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Home / Opinion / Views /  Opinion | Jet Airways’ Naresh Goyal at a crossroads

With ballooning debt and rising costs, Jet Airways founder and promoter Naresh Goyal is left with few options and little time to save the airline. He can take up an investment offer from Etihad Airways, which owns 24% of Jet Airways, and relinquish control of the airline he started about 25 years ago. Alternatively, Goyal can rush to gather his own funds or watch Jet shut shop like erstwhile rival Kingfisher Airlines did about six years ago. However, he knows it won’t be an easy ride, for the carrier posted three straight quarterly losses of more than 1,000 crore each and is saddled with a debt of 8,052 crore as of end-September. Goyal may have his own reasons, perhaps valid, to thwart any offer that seeks to invest in his crown jewel, which he started in 1993 after about two decades of sales and marketing work for foreign airlines in India. The offers from Etihad and the Tata group come with riders, the core being the transfer of management control. However, Goyal does not have much time on his hands. Jet Airways has delayed payment of pilot salaries amid a crippling cash crunch caused by rising costs and a bruising fare war. On 31 December, the airline defaulted on interest payments to a consortium of lenders led by the State Bank of India. Analysts say Jet needs to immediately raise at least $250-300 million to pay off lenders and vendors. It would need to raise another $450-500 million by the end of 2020 when some of its overseas debt matures, analysts say.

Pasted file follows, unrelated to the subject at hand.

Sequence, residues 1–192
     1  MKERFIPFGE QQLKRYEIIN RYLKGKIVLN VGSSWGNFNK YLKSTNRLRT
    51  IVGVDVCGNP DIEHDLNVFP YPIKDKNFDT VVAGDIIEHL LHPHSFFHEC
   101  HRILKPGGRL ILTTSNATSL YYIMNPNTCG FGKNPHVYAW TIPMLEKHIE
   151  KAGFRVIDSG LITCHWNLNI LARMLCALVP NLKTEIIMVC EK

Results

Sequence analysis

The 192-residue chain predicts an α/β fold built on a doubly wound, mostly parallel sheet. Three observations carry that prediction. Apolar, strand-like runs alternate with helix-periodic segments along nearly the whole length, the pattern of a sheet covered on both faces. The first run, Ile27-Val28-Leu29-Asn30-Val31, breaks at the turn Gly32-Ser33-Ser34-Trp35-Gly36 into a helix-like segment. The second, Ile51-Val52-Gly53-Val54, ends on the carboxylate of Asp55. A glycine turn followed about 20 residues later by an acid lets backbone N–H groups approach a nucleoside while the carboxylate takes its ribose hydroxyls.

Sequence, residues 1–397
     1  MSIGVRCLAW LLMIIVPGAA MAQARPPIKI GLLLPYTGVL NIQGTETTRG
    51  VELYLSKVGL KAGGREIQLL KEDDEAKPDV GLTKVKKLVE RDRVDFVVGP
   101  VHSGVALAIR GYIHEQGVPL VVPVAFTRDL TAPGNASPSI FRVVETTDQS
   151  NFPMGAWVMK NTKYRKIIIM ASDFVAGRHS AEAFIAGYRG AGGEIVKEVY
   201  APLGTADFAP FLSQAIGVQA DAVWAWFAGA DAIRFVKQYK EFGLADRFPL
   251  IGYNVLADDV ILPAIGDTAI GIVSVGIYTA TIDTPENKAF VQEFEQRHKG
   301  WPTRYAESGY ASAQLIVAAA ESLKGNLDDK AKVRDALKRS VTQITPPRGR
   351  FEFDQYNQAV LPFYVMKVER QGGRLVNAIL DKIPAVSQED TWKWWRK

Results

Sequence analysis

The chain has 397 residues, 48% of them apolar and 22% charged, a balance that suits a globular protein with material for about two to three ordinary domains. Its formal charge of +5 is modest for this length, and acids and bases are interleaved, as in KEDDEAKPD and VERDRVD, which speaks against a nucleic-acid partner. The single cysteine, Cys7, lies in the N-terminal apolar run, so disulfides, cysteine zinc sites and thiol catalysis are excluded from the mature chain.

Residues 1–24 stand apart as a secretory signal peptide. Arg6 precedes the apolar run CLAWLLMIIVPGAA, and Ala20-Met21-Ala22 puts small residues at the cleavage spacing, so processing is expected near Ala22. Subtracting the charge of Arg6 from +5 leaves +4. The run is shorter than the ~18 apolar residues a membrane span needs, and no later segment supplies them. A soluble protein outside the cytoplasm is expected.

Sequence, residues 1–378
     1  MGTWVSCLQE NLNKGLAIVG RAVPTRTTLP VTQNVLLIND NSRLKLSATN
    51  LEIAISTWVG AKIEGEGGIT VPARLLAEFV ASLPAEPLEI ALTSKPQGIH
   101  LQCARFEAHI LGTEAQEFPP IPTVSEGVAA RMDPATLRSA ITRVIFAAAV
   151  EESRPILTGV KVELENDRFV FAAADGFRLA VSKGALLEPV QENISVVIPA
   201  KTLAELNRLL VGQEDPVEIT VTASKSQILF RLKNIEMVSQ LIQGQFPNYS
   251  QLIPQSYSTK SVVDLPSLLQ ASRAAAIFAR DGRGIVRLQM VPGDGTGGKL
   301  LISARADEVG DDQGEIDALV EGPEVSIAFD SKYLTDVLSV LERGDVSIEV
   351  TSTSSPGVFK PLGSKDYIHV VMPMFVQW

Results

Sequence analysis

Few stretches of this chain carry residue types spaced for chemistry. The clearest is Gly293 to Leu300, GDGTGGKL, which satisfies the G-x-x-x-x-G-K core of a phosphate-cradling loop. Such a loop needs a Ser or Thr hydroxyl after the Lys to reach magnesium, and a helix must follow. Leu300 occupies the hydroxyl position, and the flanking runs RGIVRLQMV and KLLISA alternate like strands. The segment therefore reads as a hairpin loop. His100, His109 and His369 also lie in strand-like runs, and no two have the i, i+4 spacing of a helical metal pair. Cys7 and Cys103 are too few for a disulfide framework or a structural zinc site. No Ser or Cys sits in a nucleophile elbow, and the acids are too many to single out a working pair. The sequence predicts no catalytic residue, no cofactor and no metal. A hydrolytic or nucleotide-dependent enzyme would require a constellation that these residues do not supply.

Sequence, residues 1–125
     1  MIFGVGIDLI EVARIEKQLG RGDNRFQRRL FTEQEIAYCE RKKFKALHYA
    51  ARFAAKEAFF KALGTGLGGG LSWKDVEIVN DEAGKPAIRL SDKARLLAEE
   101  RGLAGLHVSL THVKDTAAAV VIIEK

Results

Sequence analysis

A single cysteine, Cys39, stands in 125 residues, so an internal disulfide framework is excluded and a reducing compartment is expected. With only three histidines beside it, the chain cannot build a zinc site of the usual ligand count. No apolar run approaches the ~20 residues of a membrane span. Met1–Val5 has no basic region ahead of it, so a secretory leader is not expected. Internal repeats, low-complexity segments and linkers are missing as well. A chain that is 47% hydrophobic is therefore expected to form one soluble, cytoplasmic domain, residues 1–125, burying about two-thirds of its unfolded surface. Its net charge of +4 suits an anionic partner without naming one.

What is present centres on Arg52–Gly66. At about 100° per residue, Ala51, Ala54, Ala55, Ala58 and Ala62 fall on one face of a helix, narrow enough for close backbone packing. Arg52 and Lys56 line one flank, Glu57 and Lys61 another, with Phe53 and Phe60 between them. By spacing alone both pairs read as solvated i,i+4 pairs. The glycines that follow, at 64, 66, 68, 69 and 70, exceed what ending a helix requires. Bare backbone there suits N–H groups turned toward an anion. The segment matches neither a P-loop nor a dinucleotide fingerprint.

Jet’s predicament echoes the dire scenario of India’s aviation industry. Several airlines mushroomed after the 1990s when the government liberalized the aviation sector. Only a handful have survived. India has been ranked as the fastest-growing aviation market globally and airlines here have ordered planes worth several billions of dollars in the past few years. However, mostly everyone, other than the airlines, seems to be making money. Crisil Ltd, the ratings company, expects Indian airlines to post their steepest loss in a decade this financial year. The airlines will need equity infusion of about 35,000 crore over 3-4 years to reduce their debt, rating agency Icra said in November. There are several factors that can be blamed. The weakening of the rupee last year has swollen airline costs as most non-fuel payments, such as aircraft maintenance and lease rentals, are dollar denominated. There is also the high cost of fuel, about double that of Dubai or Kuala Lumpur. The Union government last year cut excise duty on fuel from 14% to 11% but a much-needed move to bring fuel under the ambit of the goods and services tax, something which would have helped lower costs, is yet to happen.

The airline industry is traditionally a heavy capex business. For airlines working on wafer-thin margins, any increase in cost acts as a double whammy, especially when they are forced to offer lower fares in an intensely competitive environment. Goyal is now at the crossroads with some tough choices to make, something that can either sustain or shutter Jet Airways. He has to choose whether he wants to give up the driving seat or continue frantic efforts for cash to run India’s second-largest airline by market share.

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